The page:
The 6-foot-2, 200-pounder converted to wing earlier in his
Boston career, skating on a fabulous offensive line alongside Rick
Middleton with Barry Pederson at center.
After seasons of 23 and 25 goals with the B’s, Sinden traded him to Edmonton on June 21, 1984 for Ken Linseman – a deal that worked out for both clubs. Krushelnyski brought his grinding but skilled two-way game to the Oilers, where he racked up 43 markers and 88 points in 1984-85 en route to his first of three Stanley Cup championships in Edmonton.
“Kruser” Krushelnyski joined Gretzky in Los Angeles as part of the Aug. 9, 1988 mega-deal that sent the Oilers captain to Tinseltown, and later finished his 897-game NHL career with the Maple Leafs and Red Wings.
He was a head coach in the CHL with Fort Worth, and the German Elite League and KHL with Chekhov Vityaz, lasting just one 18-33-5 season in that league in 2009-10.
Krushelnyski credited coming to a strong organization in the Bruins with assisting his transition to the Oilers and later the Kings, where he prolonged his NHL career. Recently, he told the L.A. Kings Insider Jon Rosen: “Well, fortunately I was brought up with the Boston Bruins. Brad Park, Terry O’Reilly, Ricky Middleton. Ray Bourque was there. Stan Jonathan. Gerry Cheevers. So I got to know the process.”
Head scout: Gary Darling
Team scouts: Bart Bradley (Vancouver), Bob Tindall (Toronto), John Carlton (Boston)
The Grade: A+
Although there were misses, when talking pure and sustained impact, they don’t come much bigger than Ray Bourque. Add in McCrimmon, Crowder and Krushelnyski who all not only were impact players for Boston, but who brought in continued legacy performers like Peeters, Linseman and Poulin, the 1979 draft class is the greatest in Boston Bruins franchise history.
1st Ballot HHOF career; Calder Trophy, 7th Player Award, 5 Norris Trophies, King Clancy Award, 19-time NHL All-Star; retired number 77; 19 playoff appearances
Trade: To Colorado with Dave Andreychuk for Brian Rolston, Samuel Pahlsson, Martin Grenier, 1stround pick in 2000, March 6, 2000
Brian Rolston (right), C/LW 2000-04, 2011-12; GP: 359 G- 104 A- 147 PTS- 251 PIM- 144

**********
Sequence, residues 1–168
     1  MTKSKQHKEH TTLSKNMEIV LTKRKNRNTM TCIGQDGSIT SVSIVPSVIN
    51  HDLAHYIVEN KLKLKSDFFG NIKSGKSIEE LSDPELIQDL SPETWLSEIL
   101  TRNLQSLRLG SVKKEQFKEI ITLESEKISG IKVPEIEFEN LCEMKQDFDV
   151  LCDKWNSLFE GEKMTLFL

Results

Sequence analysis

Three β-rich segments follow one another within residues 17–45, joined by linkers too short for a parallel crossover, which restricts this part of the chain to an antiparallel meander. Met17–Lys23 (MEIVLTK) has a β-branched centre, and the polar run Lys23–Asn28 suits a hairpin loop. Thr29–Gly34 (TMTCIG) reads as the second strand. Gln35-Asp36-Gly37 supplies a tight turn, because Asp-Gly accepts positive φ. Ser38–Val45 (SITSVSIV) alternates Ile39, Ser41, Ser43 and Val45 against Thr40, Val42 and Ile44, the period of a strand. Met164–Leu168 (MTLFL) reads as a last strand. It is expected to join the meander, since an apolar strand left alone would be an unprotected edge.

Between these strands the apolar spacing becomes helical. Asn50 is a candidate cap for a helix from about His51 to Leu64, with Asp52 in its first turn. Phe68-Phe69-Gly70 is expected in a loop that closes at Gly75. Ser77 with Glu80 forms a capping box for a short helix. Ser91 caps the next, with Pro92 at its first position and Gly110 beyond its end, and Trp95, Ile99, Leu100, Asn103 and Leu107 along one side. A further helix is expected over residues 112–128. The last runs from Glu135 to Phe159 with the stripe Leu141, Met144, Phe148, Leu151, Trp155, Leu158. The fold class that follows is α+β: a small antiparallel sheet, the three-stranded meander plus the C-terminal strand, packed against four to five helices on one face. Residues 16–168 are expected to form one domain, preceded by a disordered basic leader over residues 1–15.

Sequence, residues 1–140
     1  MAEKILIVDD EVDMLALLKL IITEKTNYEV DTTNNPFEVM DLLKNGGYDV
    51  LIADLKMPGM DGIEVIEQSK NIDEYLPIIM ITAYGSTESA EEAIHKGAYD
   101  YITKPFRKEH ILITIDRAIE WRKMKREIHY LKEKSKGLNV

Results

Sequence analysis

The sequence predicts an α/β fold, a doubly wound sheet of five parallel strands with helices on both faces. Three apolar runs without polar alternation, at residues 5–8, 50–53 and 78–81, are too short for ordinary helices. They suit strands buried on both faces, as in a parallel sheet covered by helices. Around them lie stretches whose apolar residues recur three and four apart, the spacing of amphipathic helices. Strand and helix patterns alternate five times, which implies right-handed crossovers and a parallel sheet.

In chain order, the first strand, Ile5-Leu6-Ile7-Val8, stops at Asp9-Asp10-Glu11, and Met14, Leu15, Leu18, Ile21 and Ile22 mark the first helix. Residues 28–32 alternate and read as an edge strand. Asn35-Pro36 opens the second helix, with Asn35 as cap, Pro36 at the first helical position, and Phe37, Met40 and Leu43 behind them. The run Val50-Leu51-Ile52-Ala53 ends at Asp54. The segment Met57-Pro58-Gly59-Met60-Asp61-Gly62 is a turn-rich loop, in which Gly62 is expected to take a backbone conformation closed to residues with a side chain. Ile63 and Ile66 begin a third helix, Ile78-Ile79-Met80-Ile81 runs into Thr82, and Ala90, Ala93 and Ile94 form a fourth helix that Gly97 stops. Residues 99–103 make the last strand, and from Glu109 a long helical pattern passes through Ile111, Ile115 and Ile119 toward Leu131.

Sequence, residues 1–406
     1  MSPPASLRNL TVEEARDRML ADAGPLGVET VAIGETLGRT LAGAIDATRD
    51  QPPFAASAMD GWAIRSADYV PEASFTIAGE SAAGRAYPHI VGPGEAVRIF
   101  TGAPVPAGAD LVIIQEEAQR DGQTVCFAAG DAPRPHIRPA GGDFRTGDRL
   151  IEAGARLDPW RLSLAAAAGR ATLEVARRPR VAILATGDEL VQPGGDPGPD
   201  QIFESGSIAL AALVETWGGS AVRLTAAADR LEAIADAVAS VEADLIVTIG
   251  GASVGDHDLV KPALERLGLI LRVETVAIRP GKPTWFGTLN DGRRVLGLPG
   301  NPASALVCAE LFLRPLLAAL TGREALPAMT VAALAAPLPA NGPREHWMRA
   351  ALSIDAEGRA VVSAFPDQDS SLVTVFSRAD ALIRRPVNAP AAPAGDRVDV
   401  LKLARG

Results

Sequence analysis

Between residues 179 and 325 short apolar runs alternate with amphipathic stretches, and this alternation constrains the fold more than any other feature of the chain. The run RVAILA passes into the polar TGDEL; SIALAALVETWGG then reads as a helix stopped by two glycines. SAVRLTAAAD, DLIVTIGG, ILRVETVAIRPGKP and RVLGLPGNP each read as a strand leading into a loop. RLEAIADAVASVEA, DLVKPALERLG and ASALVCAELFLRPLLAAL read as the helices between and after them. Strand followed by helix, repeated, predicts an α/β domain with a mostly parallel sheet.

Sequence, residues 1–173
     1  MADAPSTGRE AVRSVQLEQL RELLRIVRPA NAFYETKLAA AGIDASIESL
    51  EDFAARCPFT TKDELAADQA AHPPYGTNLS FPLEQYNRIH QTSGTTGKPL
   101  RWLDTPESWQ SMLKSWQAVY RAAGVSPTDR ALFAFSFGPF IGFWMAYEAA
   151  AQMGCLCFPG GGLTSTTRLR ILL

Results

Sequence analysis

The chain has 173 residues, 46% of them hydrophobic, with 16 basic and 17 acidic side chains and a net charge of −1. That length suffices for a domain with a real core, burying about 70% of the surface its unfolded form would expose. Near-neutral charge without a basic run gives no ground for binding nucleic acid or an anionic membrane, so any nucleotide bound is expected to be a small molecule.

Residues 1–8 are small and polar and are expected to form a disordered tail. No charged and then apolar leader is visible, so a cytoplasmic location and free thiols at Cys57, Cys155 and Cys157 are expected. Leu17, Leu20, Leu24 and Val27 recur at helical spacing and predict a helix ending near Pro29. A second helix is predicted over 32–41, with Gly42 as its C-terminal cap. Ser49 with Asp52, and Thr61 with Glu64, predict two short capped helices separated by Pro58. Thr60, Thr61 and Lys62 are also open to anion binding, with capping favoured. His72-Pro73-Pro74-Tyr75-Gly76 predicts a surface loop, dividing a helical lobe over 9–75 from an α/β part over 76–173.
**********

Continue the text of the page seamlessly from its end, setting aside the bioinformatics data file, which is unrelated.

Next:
Samuel Pahlsson, C 2000-01; GP: 17 G- 1 A- 1 PTS 2 PIM 6
Martin Samuelsson, RW 2002-03-03-04; GP- 14 G- 0 A- 1 PTS – 1 PIM- 2
Andrei Nazarov, LW 2000-01-2001-02; GP; 110 G- 1 A- 6 PTS- 7 PIM- 364
Patrick Traverse, D 2000-01; GP- 37 G- 2 A- 6 PTS- 8 PIM- 14
Erich Weinrich, D 2000-01; GP- 22 G- 1 A- 5 PTS- 6 PIM- 10
Martin Grenier, D; Did not play for Boston
Brad McCrimmon 1979-82: GP- 228 G- 17 A- 37 PTS- 54 PIM- 325
Traded for G Pete Peeters; June 1982
Pete Peeters 1982-83-1985-86 GP- 171 GAA- 2.99 91-57-16, 9 SO; 1983 Vezina Trophy, 1st Team All-Star
Keith Crowder 1980-1989: GP- 607 G- 219 A- 258 PTS- 477 PIM- 1,261
15th all-time leading Bruins scorer with 477 points.
Larry Melnyk 1980-1983: GP- 75 G-0 A- 12 PTS- 12 PIM- 123
Traded for D John Blum; March 1984
John Blum 1984-86, 1988-90; GP- 169 G- 5 A- 22 PTS- 27 PIM- 443
Marco Baron 1980-83: GP- 64 GAA- 3.40 31-24-5 1 SO
Traded for G Bob LaForest; January 1984
Bob LaForest: Did not play for Boston
Mike Krushelnyski 1981-84: GP- 162 G- 51 A- 65 PTS- 116 PIM- 100
Traded for C Ken Linseman; June 1984
Ken Linseman 1984-1989: GP- 389 G- 125 A- 247 PTS- 372 PIM- 746
Dave Poulin 1989-92: GP- 165 G- 34 A- 68 PTS- 102 PIM- 117
U.S. President: Jimmy Carter
Prime Minister of Canada: Pierre Trudeau, succeeded by Joseph “Joe” Clark (June 4, 1979- March 3, 1980)
Average cost of gallon of gas: $0.90
Minimum wage: $2.90/hr
Average hourly wage: $6.19
Cost of a single Boston Bruins loge (lower bowl) ticket: $11.00
Stanley Cup Champions: Montreal Canadiens
Super Bowl Champions: Pittsburgh Steelers
World Series Champions: Pittsburgh Pirates
NBA Champions: Seattle SuperSonics
Wimbledon Champions: Bjorn Borg (right) & Martina Navratilova
NCAA Hockey Champions: University of Minnesota (Herb Brooks)
NCAA Football Champions: Alabama
NCAA Basketball Champions: Michigan State
Kentucky Derby Winner: Spectacular Bid
#1 Pop Single during 1979 NHL Draft: Hot Stuff- Donna Summer
ESPN had first broadcast on September 7, 1979